Several local merchants owned it in the 18th century. From the 1780s until 1870, it was owned by the Chislett family, and it was sold for £450. In 1839 it became known as Castle House and later, as it is called today, Beckington Castle. Between 1945-1970 it was a boarding school called Ravenscroft. It has had several uses, including a hotel and an antiques showroom. In 1989 when in very poor condition, it was purchased by the present owners, Systems Engineering and Assessment Ltd. Between 1995/96, it was restored in cooperation with Mendip Council, and it appears now in excellent condition, saved for future generations to admire.
The Wool Hall, Beckington
Nestled next door to Beckington Castle is the 16th-century Wool Hall. It was used in the 1980s as a recording studio for the well-known group from nearby Bath, Tears for Fears. Many artists, including The Smiths and Van Morrison, used the studio. It closed in 2004 and is now a private studio.
Church of St George, Beckington
With its rural views, the Church of St George is of Norman origin, possibly Saxon. The tower is Norman, and the remainder of the church is of 14th-century construction. Records go back to 1411 when the first recorded rector Matrin de Sutton was installed.
Beckington was rather late in getting piped water. For years, residents objected to being supplied mains water and relied on springs and the village pumps. There are still two pumps to see, one next to the church and the other along Warminster Road. It was in 1939 that finally, the village received piped water as the residents decided that their water supplies were not as clean as they once were.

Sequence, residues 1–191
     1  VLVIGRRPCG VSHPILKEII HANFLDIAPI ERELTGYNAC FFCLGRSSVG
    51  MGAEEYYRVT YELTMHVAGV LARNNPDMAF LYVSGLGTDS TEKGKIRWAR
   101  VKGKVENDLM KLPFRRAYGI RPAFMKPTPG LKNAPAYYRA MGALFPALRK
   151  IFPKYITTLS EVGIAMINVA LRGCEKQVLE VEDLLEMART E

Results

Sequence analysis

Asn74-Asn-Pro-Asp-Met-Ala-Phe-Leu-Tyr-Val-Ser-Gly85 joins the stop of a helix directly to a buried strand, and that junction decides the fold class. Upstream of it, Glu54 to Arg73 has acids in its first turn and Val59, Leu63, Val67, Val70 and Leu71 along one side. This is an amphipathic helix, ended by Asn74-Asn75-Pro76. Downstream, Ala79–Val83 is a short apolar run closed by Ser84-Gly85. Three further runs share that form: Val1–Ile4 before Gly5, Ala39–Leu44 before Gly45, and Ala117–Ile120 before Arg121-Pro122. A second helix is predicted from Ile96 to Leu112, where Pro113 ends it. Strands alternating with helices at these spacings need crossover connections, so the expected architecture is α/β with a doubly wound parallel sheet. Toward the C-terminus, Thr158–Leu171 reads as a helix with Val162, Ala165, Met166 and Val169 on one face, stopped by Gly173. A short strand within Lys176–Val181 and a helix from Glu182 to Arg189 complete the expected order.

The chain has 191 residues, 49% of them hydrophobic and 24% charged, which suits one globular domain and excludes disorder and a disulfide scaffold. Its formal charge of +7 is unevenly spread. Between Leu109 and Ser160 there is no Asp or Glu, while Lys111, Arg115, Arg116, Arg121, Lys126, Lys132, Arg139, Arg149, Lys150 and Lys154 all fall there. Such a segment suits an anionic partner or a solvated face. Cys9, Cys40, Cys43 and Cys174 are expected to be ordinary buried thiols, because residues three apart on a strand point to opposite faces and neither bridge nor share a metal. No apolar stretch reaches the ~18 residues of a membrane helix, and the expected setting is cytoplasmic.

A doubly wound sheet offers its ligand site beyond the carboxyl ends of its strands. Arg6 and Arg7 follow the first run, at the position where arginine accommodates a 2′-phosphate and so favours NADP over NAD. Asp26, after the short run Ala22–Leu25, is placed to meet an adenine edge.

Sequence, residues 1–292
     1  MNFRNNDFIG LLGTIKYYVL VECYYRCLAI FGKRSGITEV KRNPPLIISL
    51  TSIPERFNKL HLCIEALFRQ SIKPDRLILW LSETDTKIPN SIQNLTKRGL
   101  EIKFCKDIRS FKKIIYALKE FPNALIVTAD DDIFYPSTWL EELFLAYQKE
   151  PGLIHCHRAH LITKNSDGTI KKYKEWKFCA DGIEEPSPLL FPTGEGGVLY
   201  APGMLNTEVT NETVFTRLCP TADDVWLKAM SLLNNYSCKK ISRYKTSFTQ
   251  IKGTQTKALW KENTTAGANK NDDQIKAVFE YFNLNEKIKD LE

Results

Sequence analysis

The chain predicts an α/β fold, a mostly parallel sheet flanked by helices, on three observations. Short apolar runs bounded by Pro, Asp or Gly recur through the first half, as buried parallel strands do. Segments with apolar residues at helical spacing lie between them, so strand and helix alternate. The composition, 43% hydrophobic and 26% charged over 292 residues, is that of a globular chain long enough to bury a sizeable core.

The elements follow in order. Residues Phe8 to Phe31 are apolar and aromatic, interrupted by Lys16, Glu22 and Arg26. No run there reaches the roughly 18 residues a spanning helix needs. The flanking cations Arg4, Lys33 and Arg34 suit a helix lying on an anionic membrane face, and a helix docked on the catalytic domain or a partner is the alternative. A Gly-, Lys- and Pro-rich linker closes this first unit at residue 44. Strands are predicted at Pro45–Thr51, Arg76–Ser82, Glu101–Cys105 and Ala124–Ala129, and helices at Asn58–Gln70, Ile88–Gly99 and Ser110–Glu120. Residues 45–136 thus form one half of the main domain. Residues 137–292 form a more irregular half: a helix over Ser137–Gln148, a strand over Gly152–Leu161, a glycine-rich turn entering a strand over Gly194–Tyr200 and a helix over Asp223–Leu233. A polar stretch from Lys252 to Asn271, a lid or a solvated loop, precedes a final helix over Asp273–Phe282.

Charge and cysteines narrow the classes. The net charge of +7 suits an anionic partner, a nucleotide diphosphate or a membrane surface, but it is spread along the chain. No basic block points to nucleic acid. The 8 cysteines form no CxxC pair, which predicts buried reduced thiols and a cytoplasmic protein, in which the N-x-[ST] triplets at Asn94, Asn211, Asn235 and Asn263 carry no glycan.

The cottages along Church Street date from around 1720 and give real character to this area. The school opposite was built in 1852 and is still in use, made clear by the children’s voices from the playground. This is one village I will never tire of walking around and taking in the atmosphere of such a historic place with its fine buildings. You can see more in the video I made of my walk around Beckington on my YouTube Channel.
Seymours Court, Beckington
I didn’t visit Seymours Court on Rudge Lane, just outside the village on the other side of the bypass. It’s worth a mention This house dates from the 15th century. It was the home of Thomas Seymour, the 1st Baron Seymour of Sudeley, a bother of Jane Seymour and who married Queen Catherine Parr after Henry Vlll’s death. Thomas became her fourth husband of Catherine, making her the most-married English Queen. She died not long after the marriage due to complications in childbirth. An interesting story and Seymours Court offers Bed & Breakfast and a wedding venue, so if you want to see what it is like living there, you can. You can see what it looks like on their website.
Thank you for taking the time to read about Beckington. I have some great stories to research and relate to you coming up soon. Please become a subscriber, and don’t forget to download the Substack app (link above). It has some excellent features that add more benefits to Roland’s Travels.
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Good to read that Roland, such history everywhere around us.
Thank you, Trevor. There is so much history and when I research one thing it leads to another. I have some great stories lined up for the coming months.